• Re:Problem? (Score:2, Insightful)

    by DrBoumBoum ( 926687 ) on Saturday June 11, 2011 @10:42AM (#36410868) Journal

    alcohol is still a very serious social problem, killing and hurting more than pretty much anything else

    And the problem was totally solved during prohibition right?

  • Re:Problem? (Score:4, Insightful)

    by corbettw ( 214229 ) <corbettw@ y a h o o . com> on Saturday June 11, 2011 @11:24AM (#36411112) Journal

    Yes, absolutely. It's not like it wasn't legal once upon a time, and we didn't have drug cartels murdering 10 9/11's worth of innocent people every single fucking year when it was.

    Prohibition does not work, let people do what they're going to do anyway. We could tax it and spend the money gained from those taxes on free rehab for those who need it. We'd save untold billions of dollars and, far more important, all those wasted lives.

  • by bit trollent ( 824666 ) on Saturday June 11, 2011 @12:09PM (#36411468) Homepage

    Barack Obama has made it American policy to not go after medical marijuana dispenserise though George W Bush (and to be fair Clinton) did attach these legal (at a state level) and illegal (at a fed level) dispenseries.

    I wonder what Mitt Romney would do about medical marijuana. I wonder if he would tolerate it as much as gay marriage.

    I remember that universal healthcare that W passed. And the financial industry regulation.

    Also, I remember how George W Bush, didn't go out of his way to punch the environment in the balls, exempting natural gas fracking from the clean are and clean water acts.

    Bad politicians thrive on a population that's too ignorant to tell the difference.

    By the way.. guess which party supports unlimited anonymous "campaign contributions"..

    I'll give you a hint.. Republicans support it, and installed supreme court judges to legalize unlimeted anonymous bribery, while Democrat appointed judges voted against it (in a 5-4 decision) in the Supreme court.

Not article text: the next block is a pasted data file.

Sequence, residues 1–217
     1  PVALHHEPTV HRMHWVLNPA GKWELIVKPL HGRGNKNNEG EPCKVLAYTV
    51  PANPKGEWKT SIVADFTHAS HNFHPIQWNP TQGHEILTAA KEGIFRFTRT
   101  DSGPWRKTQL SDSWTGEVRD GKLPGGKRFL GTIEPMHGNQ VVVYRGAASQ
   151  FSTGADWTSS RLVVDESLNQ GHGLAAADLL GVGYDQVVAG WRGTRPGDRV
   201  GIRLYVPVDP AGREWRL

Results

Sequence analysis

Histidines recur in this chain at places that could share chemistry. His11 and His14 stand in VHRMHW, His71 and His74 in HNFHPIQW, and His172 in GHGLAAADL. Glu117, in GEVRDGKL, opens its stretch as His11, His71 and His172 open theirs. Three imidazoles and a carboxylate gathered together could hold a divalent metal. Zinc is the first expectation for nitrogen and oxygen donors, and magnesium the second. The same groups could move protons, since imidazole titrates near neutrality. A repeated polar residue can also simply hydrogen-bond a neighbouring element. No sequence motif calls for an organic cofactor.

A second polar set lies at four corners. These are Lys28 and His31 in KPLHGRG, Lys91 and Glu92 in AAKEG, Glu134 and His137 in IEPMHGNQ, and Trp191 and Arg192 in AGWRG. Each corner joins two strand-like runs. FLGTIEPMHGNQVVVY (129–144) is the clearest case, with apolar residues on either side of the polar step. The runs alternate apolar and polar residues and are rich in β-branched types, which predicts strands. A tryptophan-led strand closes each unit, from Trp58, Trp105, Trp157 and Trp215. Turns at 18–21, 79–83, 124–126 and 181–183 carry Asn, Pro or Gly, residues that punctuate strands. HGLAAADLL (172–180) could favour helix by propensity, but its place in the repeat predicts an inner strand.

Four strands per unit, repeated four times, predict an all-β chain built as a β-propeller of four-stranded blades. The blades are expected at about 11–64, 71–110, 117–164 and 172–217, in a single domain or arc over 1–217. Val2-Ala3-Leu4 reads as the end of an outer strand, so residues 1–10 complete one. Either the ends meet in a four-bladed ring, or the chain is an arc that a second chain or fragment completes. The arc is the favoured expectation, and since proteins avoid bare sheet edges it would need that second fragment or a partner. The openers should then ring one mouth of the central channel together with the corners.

But.. yeah... it doesn't matter who you vote for. That's the best thing to keep the Sheeple from voting for progress.

    A Republican house majority has once again kicked America in the balls, but luckily there are dumbasses like you who can't tell the difference.

  • Re:Problem? (Score:4, Insightful)

    by dachshund ( 300733 ) on Saturday June 11, 2011 @12:29PM (#36411672)

    Note going to work, there's always going to be another psychopath willing to take up where the last one left off.

    On the contrary. Drug running is a business, and right now it's a competitive one. The cartels mostly build their military capabilities because it increases their ability to get product to market. If having big fangs and teeth was a disadvantage --- i.e., it increased their costs or threatened their existence --- then they'd be outcompeted by less violent cartels.

    As an example, over the past decade the NYC police have revised their cocaine enforcement to target street dealing, but mostly leave non-violent apartment dealing alone. The result has been a huge drop in violence, since the dealers can make more money by keeping a low profile. This stuff really works.

    I'm not sure if prohibition is a good solution. Maybe some good, some bad. But since it's clearly not on the political table right this second we at least need to target the real problem before it gets beyond our control.

Someday your prints will come. -- Kodak